Defining cohorts

Most studies of UKB data to date have been conducted on a list of 409,554 ‘white British’ individuals created by the UKB on the basis of white British self-identification and clustering on genetic principal components derived from microarray genotypes5. Like some recent studies44,73,74, we wished to capitalize on the diversity in the UKB. To achieve this, we defined three cohorts based on the most common ancestries identified among the participants, using a combination of (1) uniform manifold approximation and projection (UMAP) dimension reduction of 40 genetic principal components provided by UKB, and (2) ADMIXTURE analysis supervised on five reference populations and self-reported ethnicity information.

To define the three cohorts, we followed previous work75 and applied UMAP to the 40 genetic principal components provided by the UKB. UMAP was performed in R using umap::umap() using default parameters in v0.2.3, notably, n_neighbours 15 and min_dist 0.1. UMAP placed the individuals in a two-dimensional latent space featuring several clusters and filaments. These structures showed a correspondence with self-described ethnicity (Supplementary Fig. 17).

To provide a separate measure of ancestry that we could use to inform our interpretation of the UMAP clusters, we superimposed results from a supervised ADMIXTURE58 analysis of the UKB microarray genotypes (Supplementary Section ADMIXTURE), using five training populations from the 1000 Genomes Project8: CEU (northern Europeans from Utah), CHB (Han Chinese in Beijing), ITU (Indian Telugu in the UK), PEL (Peruvians in Lima) and YRI (Yoruba in Ibadan, Nigeria). We observed a clear correspondence between UMAP coordinates and ancestry proportions assigned by ADMIXTURE (Supplementary Figs. 18 and 19). Using this correspondence and guided by self-reported ethnicity information, we defined the cohorts by manually delineating regions in the UMAP latent space that were limited to individuals with British–Irish ancestry (XBI; n = 431,805), South Asian ancestry (XSA; n = 9,633) and African ancestry (XAF; n = 9,252). This left 37,598 individuals with genotype data, who were assigned to an arbitrary cohort that we refer to as OTH (for other). The distribution of ancestry was estimated using ADMIXTURE in each of the four cohorts (Supplementary Fig. 18).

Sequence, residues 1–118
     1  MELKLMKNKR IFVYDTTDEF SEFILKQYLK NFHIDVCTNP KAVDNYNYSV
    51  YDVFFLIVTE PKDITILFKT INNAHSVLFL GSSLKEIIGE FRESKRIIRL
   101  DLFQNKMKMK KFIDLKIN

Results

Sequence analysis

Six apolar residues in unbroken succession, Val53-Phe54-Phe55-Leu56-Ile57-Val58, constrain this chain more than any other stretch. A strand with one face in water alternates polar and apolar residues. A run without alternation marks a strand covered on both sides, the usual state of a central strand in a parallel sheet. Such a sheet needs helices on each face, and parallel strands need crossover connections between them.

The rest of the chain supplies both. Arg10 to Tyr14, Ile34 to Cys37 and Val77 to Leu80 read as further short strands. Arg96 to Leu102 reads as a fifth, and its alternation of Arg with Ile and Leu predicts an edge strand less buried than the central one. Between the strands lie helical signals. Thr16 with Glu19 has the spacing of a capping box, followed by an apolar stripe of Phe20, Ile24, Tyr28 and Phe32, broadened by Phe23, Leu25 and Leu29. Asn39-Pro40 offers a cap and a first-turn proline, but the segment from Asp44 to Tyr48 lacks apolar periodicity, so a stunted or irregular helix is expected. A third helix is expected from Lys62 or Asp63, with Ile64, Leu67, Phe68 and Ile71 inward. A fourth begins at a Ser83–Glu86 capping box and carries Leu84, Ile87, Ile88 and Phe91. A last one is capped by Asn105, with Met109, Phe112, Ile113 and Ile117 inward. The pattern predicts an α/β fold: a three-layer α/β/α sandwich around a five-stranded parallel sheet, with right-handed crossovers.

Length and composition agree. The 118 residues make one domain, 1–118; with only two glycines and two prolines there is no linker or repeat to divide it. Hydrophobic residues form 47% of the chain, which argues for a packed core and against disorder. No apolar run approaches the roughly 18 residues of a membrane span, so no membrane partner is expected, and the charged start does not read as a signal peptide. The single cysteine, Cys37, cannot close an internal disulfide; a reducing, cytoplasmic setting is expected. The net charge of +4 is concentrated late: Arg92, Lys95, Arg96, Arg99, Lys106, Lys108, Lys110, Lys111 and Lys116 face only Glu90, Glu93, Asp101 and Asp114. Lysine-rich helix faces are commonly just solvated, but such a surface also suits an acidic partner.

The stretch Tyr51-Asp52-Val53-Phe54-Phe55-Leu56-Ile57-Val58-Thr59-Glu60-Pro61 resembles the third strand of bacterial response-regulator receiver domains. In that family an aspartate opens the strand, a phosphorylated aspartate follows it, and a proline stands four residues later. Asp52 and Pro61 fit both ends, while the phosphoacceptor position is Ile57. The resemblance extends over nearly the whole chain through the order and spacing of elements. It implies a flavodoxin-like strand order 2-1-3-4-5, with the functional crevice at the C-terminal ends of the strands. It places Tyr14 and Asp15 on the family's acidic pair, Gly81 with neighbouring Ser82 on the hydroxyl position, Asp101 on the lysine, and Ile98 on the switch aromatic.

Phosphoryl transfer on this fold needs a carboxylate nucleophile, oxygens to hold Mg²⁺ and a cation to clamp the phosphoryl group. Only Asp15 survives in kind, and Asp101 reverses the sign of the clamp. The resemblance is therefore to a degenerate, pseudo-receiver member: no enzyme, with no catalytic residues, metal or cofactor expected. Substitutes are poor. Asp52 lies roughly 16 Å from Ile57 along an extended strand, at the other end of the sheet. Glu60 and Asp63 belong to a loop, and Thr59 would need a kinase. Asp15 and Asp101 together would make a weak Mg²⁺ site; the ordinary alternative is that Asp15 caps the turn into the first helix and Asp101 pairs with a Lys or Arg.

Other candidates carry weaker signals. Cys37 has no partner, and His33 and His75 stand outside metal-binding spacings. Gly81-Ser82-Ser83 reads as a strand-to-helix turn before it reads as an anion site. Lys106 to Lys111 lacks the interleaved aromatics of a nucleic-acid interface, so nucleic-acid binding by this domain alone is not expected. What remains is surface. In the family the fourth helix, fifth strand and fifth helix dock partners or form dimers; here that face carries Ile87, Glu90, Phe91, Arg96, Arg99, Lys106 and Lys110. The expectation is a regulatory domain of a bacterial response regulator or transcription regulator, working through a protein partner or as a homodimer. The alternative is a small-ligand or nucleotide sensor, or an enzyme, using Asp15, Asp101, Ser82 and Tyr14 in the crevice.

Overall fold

The most systematic difference between the XBI cohort and the prevailing UKB-defined white British set is our inclusion in XBI of around 12,500 individuals identifying as white Irish. This is clearly justified, given the known geographical and cultural proximity of the populations of Britain and the island of Ireland. More importantly, both our analyses (and those of previous publications) clearly reveal evidence for extensive gene flow between them. Thus, the main Irish genetic cluster appears in principal components analysis as an integrated component of continuous variation in the UK (Extended Data Fig. 2), and is not clearly separated from others. Another major difference of the XBI cohort relative to the much-used white British set, is the addition of around 10,900 individuals who did not identify as white British, but we infered to have ancestry indistinguishable from British–Irish individuals. We note that the greater size of the XBI cohort should provide more statistical power to detect genotype–phenotype associations. Cohort definitions are described in further detail in Supplementary Notes 16–22 and Supplementary Figs. 20–22.

Reporting summary

Further information on research design is available in the Nature Research Reporting Summary linked to this paper.